59. A method according to claim 45, wherein each of the product and the polymerizing medium is in the form of a fog-like atmosphere, and the two atmospheres are mixed to effect the exposure

60. A method according to claim 45, wherein the formed capsules are separated off and dried.

61. A method according to claim 45, wherein the capsules are for use as food for aquatic organisms, and the diameters of the formed capsules are up to 0.1 mm, from 0.1 mm to 0.25 mm, or from 0.25 mm to 1.00 mm, depending on the organism for which they are intended.

62. A method according to claim 45, wherein, where the prepolymer is a precursor for chitosan or alginate, the polymerizing medium is a precursor for alginate or chitosan respectively.

63. A method according to claim 45, wherein the shells are formed in an atmosphere, and precipitate into a bath of the product which diffuses through and into the shells.

64. A method according to claim 45, wherein the shells are formed in a bath of a liquid mixture of the polymerizing medium and the product, and the product diffuses from the bath through and into the shells.

65. A capsule comprising an outer shell comprised of a polymeric material which consists substantially totally of a single polymer and an inner core consisting of a product.

66. A method of producing a liquid food for aquatic organisms comprising hydrolyzing a proteinaceous raw material to produce a substance comprising a nutrient liquid, and treating the substance to separate the nutrient liquid from any undesired solid particles.

67. A method of treating a capsule comprised of a liquid core and polymeric shell, comprising drying the capsule, and thereby increasing the density of the capsule.

68. A method comprising providing a capsule having a permeable polymeric shell and a core of liquid food for aquatic organisms having a dry matter content, submerging the capsule in an aquatic environment where the liquid food leaks into the environment via the shell, at least 40% of the dry matter content of the core material remaining in the capsule once the leaking has substantially ceased, and the capsules being consumed by the aquatic organisms.

Description:
[0001] The present invention relates to encapsulation of a product, and concerns in particular an encapsulated feed for fish larvae and other aquatic organisms such as bivalves, shellfish and microorganisms.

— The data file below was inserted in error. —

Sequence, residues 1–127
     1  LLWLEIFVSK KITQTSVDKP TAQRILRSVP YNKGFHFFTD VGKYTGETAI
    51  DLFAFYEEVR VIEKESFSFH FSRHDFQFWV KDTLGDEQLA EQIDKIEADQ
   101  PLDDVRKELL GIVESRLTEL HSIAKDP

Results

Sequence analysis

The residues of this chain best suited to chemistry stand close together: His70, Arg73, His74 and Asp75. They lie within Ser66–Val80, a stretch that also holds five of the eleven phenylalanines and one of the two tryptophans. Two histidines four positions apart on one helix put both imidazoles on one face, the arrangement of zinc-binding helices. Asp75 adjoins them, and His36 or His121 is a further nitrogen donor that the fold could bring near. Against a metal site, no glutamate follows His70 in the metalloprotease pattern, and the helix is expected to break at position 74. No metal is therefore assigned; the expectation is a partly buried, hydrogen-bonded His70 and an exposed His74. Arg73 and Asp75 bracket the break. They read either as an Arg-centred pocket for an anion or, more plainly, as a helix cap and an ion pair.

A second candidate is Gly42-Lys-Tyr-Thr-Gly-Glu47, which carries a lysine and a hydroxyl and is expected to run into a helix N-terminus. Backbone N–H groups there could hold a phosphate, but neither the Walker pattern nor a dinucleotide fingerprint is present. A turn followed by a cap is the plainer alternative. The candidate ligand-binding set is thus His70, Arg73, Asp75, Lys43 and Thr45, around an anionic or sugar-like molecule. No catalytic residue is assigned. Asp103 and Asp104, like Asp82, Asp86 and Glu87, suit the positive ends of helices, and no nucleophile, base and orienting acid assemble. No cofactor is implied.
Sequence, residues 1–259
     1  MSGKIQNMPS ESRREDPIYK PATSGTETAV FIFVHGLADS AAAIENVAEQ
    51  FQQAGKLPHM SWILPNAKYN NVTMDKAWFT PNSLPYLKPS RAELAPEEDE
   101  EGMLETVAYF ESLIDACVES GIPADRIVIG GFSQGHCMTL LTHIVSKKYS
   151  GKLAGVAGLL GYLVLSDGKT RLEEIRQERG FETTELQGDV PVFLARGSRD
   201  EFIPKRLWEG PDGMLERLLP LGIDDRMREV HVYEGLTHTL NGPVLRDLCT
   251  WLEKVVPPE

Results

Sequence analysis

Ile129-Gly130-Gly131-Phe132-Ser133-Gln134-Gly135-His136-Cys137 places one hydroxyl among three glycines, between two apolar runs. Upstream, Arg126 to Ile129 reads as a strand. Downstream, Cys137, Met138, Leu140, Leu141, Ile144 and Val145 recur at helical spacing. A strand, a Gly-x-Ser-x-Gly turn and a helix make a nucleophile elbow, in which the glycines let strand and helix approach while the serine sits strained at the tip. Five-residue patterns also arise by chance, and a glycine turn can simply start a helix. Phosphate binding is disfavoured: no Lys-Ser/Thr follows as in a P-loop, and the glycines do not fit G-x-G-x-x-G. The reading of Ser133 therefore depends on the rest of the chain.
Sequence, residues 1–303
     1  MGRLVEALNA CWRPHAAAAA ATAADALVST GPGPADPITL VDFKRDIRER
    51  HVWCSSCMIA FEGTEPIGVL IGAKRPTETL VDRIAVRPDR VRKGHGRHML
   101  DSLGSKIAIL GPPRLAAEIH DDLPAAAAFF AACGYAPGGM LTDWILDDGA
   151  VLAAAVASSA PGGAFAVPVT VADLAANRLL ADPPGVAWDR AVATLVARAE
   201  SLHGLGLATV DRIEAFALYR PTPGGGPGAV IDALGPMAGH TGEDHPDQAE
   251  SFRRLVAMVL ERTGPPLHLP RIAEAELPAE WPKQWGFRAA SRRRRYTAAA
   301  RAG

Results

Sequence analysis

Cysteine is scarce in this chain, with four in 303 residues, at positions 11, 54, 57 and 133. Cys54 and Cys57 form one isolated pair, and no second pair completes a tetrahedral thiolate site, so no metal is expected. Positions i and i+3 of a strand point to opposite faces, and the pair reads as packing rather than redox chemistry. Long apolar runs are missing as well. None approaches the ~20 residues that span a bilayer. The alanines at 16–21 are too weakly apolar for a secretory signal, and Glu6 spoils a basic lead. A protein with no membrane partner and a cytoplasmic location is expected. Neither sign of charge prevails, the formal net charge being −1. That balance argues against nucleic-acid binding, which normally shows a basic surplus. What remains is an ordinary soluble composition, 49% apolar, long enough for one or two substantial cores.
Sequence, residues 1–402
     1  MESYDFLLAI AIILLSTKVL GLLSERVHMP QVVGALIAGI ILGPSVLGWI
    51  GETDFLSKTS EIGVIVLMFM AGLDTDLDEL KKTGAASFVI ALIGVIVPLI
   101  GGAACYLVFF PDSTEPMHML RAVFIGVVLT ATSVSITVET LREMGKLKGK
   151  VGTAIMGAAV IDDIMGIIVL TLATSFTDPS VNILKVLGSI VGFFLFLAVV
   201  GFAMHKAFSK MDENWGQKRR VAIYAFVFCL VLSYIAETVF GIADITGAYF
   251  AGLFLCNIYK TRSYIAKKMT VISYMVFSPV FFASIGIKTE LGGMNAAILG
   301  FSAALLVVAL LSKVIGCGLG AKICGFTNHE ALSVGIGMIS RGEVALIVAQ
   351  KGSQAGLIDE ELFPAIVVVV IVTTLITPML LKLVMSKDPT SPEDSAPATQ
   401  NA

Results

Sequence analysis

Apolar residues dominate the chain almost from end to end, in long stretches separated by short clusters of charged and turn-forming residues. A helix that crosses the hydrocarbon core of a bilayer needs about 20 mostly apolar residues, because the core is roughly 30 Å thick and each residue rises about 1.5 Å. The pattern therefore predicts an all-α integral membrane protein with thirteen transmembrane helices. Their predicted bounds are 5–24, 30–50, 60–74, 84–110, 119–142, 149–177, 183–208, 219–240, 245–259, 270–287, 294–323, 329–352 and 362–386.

[0002] The natural food sources for a fish larva are mainly based on different species of zooplankton and to some extent phytoplankton. In, for example, Norwegian waters the zooplankton species Calanus finmarcicus and a variety of species of copepods play a major role as live food for commercially-important fish species such as cod, herring and mackerel.

[0003] In the aquaculture industry much effort is put into cultivating different marine fish species. Most marine species—halibut, turbot, cod, seabass, seabream and prawns, for example—depend on live food in their first period of feeding. In the first period after hatching, the larvae are getting nutrition from the yolk sac. To avoid starvation the larvae have to start exogenous feeding before the yolk sac is empty. Fish larvae are very small and primitive at first feeding. At this developmental stage, they have no digestion system as such and their enzymatic production is very limited. To make it possible for larvae to digest nutrients the nutrients have to be in an available and readily digestible form. Natural prey is rich in digestive enzymes. After the larvae has eaten the prey, it is digested by use of its own enzymes. The digesting process results in a degradation or hydrolysis of proteins to amino acids and peptides, and fat is separated into fatty acids. After this process the nutrients are available for energy and growth.